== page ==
Communicable diseases in northwest Syria in the context of protracted armed conflict and earthquakes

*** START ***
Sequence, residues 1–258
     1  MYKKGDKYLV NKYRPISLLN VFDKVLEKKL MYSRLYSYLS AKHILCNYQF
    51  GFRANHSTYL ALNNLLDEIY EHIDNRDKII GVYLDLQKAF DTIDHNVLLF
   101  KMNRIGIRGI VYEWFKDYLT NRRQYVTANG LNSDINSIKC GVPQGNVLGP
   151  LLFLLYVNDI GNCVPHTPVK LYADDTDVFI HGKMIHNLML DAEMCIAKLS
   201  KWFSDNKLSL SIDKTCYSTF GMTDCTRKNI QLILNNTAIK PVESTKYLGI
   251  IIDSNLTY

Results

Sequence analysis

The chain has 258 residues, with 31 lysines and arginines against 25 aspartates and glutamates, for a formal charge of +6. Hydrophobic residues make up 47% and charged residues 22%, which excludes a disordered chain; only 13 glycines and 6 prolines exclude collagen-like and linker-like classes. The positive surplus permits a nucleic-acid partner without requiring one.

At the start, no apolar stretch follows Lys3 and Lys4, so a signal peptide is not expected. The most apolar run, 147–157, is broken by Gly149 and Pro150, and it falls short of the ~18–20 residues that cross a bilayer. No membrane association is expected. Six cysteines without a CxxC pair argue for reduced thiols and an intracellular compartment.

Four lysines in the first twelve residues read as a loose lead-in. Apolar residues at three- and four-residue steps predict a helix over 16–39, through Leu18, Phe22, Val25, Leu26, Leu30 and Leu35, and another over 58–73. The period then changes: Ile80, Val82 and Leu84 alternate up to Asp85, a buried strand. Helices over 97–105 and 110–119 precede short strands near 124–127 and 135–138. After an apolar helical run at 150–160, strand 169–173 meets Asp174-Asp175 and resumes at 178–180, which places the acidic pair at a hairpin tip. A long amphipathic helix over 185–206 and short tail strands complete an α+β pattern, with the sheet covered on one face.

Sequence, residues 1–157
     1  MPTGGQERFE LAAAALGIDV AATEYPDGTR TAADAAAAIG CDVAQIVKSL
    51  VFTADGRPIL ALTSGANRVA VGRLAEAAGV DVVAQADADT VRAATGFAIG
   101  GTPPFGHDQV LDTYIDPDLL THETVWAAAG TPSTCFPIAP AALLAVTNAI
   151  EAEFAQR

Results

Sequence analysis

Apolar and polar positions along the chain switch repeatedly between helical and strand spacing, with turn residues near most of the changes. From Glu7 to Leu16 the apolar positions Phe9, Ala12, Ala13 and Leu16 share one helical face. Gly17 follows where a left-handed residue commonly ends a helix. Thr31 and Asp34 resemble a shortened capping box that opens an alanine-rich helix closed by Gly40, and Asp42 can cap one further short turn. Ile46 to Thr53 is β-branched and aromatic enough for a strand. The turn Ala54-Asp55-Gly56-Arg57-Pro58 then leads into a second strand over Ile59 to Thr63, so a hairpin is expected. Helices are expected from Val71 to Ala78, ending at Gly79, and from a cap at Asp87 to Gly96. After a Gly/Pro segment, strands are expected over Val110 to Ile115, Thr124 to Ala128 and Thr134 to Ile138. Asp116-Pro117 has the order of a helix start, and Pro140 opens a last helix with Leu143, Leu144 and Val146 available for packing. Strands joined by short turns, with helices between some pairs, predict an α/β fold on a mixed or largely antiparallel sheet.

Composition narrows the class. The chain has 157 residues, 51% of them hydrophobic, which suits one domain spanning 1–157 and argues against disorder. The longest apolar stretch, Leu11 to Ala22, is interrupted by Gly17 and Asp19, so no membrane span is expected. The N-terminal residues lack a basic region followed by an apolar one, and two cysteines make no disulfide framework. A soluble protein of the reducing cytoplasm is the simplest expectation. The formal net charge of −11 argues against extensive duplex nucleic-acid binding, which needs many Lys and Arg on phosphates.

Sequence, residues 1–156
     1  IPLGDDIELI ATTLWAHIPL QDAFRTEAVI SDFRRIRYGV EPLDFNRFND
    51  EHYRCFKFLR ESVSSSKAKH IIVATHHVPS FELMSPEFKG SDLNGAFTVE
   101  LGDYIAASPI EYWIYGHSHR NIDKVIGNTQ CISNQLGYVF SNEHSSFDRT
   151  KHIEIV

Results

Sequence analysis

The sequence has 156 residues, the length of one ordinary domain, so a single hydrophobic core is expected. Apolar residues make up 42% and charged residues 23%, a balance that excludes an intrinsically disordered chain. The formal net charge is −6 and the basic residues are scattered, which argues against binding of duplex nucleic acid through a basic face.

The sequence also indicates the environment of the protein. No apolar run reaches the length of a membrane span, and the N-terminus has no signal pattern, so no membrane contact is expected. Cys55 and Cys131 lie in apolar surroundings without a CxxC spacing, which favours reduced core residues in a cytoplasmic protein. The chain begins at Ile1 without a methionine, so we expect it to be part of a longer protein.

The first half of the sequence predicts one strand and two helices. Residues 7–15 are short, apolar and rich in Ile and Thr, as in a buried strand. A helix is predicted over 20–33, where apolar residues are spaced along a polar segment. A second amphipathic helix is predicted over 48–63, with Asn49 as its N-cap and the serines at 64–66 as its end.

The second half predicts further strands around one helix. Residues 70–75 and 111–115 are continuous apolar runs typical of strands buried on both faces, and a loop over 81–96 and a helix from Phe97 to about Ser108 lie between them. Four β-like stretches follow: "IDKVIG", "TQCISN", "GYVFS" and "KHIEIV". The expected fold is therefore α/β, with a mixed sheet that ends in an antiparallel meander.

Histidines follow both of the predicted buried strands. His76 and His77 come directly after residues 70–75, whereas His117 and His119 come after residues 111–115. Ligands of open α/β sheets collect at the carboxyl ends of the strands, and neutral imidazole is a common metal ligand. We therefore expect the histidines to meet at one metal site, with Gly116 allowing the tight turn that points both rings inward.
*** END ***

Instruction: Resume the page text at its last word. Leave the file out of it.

Summary: The earthquakes in Türkiye and Syria in February, 2023, have caused further devastation in northwest Syria—an area already affected by protracted armed conflict, mass forced displacement, and inadequate health and humanitarian provision. The earthquake damaged infrastructure supporting water, sanitation, and hygiene, and health-care facilities. The disruptions to epidemiological surveillance and ongoing disease control measures resulting from the earthquake will accelerate and expand ongoing and new outbreaks of many communicable diseases including measles, cholera, tuberculosis, and leishmaniasis. Investing in existing early warning and response network activities in the area is essential. Antimicrobial resistance, which had already been an increasing concern in Syria before the earthquake, will also be exacerbated given the high number of traumatic injuries and breakdown of antimicrobial stewardship, and the collapse of infection prevention and control measures. Tackling communicable diseases in this setting requires multisectoral collaboration at the human–animal–environment nexus given the effect of the earthquakes on all these sectors. Without this collaboration, communicable disease outbreaks will further strain the already overburdened health system and cause further harm to the population.